Improvements in Fahnestock State Park

September 16, 2021
JOHN AND KAREN MAGERLEIN, Trail Supervisors for Fahnestock West
New York-New Jersey Trail Conference


Improvements in Fahnestock State Park


Clarence Fahnestock Memorial State Park in New York’s Putnam County has long been a favorite destination with over 60 miles of blazed trails, many of them quiet and uncrowded.

The park, like many others, has seen an enormous increase in trail usage during the pandemic. Fortunately, several projects have been underway to improve trails and park infrastructure and give more opportunities for trail users.

In August, a Trail Conference volunteer crew completed the new Oscawana Ridge Trail in the southern part of the park near Oscawana Lake. The 2-mile trail, which permits only foot traffic, may be reached by parking at the north end of Bell Hollow Road where it enters the park. Follow the red-blazed Candlewood Hill Trail for about 0.3 miles until it turns left off a steep uphill woods road. The yellow-blazed Oscawana Ridge Trail continues on the road and gradually climbs the ridge, emerging onto rocks with a broad view to the east over the lake, soon followed by views to the west over Bell Hollow. The trail continues along the ridge before descending and turning right on a wide woods road, which leads to the southern end of the trail on Lakeview Drive in Putnam Valley. Limited street parking is available, though not in winter.

We thank fellow crew members Bob Flavin, Andrew Fritsch, Bruce Lucas, and Ken Zadeck for their work to design and build the Oscawana Ridge Trail. We are now working with park staff to lay out a future loop trail down to the shore of Lake Oscawana. If you’d like to help build this trail when it’s approved, you can learn more about volunteering here.

Other changes in the park are part of the Open Space Institute (OSI) multi-year Fahnestock Improvement Plan. Most obvious is the new Big Woods Drive going north from Rt. 301 to the Big Woods parking area and trailhead. The new trailhead is at the intersection of the Cabot and Perkins trails, two Trail Conference maintained trails that permit only foot traffic. As part of the project, the Perkins Trail going west has been greatly improved to be more sustainable and attractive. This trail crosses the active farm fields of the Glynwood Center for Regional Food and Farming before entering the woods and eventually ending at School Mountain Road.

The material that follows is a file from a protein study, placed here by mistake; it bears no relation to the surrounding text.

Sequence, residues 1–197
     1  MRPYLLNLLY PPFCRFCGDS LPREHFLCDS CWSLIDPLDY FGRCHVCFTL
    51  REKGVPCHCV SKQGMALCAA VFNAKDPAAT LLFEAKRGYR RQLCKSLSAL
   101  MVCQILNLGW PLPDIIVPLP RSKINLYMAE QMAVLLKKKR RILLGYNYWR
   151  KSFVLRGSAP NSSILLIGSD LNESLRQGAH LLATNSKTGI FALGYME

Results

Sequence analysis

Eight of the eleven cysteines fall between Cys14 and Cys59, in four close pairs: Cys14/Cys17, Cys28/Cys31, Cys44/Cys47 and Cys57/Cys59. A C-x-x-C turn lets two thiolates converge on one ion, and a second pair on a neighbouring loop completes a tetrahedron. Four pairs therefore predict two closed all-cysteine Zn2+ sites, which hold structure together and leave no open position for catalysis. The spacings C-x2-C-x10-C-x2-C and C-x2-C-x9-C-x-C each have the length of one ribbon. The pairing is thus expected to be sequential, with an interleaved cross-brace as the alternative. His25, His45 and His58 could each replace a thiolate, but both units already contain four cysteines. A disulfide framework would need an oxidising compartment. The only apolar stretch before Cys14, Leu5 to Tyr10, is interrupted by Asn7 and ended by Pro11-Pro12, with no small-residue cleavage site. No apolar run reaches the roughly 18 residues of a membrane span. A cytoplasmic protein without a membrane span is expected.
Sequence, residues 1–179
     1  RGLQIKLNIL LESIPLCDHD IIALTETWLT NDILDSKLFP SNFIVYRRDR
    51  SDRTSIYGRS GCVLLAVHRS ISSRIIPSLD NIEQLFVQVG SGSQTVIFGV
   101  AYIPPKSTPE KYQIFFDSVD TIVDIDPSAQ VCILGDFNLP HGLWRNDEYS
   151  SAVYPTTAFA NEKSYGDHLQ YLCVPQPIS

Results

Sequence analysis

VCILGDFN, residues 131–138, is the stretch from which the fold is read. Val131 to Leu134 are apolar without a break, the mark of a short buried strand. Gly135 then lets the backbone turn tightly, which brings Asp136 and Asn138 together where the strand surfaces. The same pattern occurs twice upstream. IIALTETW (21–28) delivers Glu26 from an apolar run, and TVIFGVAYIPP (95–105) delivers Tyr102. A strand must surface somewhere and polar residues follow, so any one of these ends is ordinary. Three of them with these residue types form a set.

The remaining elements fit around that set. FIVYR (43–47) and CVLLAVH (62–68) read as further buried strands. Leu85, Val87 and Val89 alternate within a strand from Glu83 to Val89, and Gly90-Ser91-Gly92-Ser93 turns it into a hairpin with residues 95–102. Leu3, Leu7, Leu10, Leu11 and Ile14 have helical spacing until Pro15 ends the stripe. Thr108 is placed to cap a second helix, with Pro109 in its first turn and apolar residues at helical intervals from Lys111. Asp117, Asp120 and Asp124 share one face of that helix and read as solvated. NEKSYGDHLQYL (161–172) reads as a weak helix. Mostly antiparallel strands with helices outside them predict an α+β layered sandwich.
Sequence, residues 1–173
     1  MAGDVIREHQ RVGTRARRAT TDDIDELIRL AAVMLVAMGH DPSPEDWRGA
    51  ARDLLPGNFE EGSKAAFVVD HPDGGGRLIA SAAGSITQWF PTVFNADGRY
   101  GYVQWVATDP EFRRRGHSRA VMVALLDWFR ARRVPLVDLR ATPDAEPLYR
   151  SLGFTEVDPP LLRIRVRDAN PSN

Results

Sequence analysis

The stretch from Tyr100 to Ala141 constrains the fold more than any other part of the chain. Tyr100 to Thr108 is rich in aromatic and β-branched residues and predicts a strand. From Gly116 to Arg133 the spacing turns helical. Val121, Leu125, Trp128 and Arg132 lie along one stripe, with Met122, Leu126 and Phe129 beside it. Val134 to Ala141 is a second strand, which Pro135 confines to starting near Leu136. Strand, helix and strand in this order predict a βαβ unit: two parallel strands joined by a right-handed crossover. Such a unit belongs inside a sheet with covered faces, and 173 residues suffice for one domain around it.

Another new parking area for 15 cars has been constructed on the south side of Rt. 301 where the Appalachian Trail crosses. This replaces some of the previous roadside parking for improved safety.

For mountain bikers and equestrians as well as hikers, OSI and the park are developing the Hubbard Perkins Loop, a 9-mile lollipop trail beginning near the Hubbard Lodge off of Rt. 9 just north of its intersection with Rt. 301. Completion is expected late this year. The trail will follow sections of several existing trails including School Mountain Road, Hubbard Loop, Wiccopee Trail, Clove Creek Trail, Fahnestock Trail, and Perkins Trail. Significant portions of some trails have been rerouted and improved to correct longstanding erosion and water problems. Signs at trail junctions will show the route of the multi-use loop and indicate that other trails are for foot traffic only.

In addition to these recent projects, other trail development continues, particularly in parts of the park east of the Taconic State Parkway. Additional land adjacent to the park is also being acquired by land conservancies and the state, giving more opportunities for trails in the future.